Saint Thomas was a prominent figure in a pivotal moment of English history but what stands out for us today is that he was a man of solid faith, resilient hope and grounded love. During the years of the Reformation, he was a man of great power and possession, first as a successful lawyer. Then he became attached to the royal court of King Henry VIII, finally being appointed Lord High Chancellor, the equivalent of the office of Prime Minister. Publicly he enjoyed the reputation of an honest and just person; privately, he was known as a prayerful man, a faithful friend and a caring family man, never compromising truth for expediency or personal satisfaction.

Attendance at daily mass was a key part of his private life. Apparently he was once criticised for this as it was supposedly unfitting for a lay person with so many distractions to receive communion so frequently. His response was characteristically wise and witty: “You are advancing the very reasons for the need of frequent holy Communion. If I am distracted, holy Communion helps me to become recollected. If opportunities are offered time me each day to offend my God, I arm myself anew each day for the combat by the reception of the Eucharist. If I am in special need of light and prudence in order to discharge my burdensome duties, I draw nigh to my Saviour and seek counsel and light from him.”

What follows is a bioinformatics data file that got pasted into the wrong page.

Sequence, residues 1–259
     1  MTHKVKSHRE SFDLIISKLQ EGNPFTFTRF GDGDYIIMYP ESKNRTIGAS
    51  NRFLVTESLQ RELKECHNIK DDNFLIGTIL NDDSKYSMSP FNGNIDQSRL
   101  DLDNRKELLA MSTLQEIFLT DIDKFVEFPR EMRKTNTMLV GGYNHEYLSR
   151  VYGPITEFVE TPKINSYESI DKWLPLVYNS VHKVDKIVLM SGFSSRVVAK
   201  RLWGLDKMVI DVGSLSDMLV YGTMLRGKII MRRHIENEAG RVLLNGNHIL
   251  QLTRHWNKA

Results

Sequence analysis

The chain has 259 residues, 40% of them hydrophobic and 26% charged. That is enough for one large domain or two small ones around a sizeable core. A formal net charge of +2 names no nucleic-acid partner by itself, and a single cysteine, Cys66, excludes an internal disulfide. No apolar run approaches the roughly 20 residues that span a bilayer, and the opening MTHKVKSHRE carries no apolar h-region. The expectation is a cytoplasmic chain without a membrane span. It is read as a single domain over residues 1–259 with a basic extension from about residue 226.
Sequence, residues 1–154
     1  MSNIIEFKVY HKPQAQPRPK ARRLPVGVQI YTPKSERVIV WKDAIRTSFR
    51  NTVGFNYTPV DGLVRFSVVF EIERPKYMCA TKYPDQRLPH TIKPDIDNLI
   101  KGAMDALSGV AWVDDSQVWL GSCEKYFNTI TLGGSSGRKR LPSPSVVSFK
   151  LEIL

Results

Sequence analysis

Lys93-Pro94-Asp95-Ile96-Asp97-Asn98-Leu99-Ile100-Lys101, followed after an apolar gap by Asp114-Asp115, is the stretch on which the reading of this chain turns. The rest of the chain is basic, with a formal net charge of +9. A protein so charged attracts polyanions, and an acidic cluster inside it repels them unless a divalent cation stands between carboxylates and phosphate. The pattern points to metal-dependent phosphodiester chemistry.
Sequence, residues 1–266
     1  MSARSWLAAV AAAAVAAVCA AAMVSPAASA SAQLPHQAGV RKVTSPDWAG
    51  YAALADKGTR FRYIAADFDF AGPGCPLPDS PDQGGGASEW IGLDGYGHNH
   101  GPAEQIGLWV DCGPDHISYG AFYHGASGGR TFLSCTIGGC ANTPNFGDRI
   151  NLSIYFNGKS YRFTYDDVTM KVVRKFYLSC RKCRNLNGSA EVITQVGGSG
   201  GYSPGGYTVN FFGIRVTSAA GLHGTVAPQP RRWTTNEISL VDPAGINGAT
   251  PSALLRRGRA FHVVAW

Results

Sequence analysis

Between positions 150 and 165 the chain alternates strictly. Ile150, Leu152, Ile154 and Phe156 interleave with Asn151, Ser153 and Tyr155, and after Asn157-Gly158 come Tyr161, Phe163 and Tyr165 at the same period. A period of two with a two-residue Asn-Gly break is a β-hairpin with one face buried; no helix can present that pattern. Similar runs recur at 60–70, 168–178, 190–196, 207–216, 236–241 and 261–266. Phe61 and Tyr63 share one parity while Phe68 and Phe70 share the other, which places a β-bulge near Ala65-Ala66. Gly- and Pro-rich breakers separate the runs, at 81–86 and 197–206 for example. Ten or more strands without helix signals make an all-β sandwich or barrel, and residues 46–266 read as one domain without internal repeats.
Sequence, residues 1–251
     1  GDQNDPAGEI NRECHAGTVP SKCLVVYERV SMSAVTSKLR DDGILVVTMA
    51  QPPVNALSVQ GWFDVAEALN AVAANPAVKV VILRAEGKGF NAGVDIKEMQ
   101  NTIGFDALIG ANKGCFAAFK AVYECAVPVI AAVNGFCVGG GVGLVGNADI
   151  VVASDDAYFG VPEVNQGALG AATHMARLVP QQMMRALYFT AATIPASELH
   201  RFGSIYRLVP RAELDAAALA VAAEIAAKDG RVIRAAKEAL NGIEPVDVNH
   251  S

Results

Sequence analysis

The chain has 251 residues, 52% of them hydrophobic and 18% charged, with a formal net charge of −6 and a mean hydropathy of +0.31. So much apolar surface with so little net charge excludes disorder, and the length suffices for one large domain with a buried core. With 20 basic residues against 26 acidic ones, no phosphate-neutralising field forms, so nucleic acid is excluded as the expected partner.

Thomas More was canonized by Pope Pius XI in 1935.

Man’s folly has enhanced the value of gold and silver because of their scarcity; whereas nature, like a kind parent, has freely given us the best things, such as air, earth, and water, but has hidden from us those which are vain and useless.

Saint Thomas More, Utopia

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There is perhaps nothing more emblematic of the detachment of Saint Thomas More in relation to wealth as his willingness to cede his life in the name of a higher value. In this regard, it must be understood that Saint Thomas was not only knowledgeable of doctrine but also astute in the ways of the world. For instance, in Utopia, he noted, “What you cannot turn to good, you must at least make as little bad as you can.” This reveals the wisdom of someone who is steeped in the affairs of the world while mindful of the exigencies of the Gospel. That is why his is such an important life for us to consider, a sign of hope in an age of radicalism.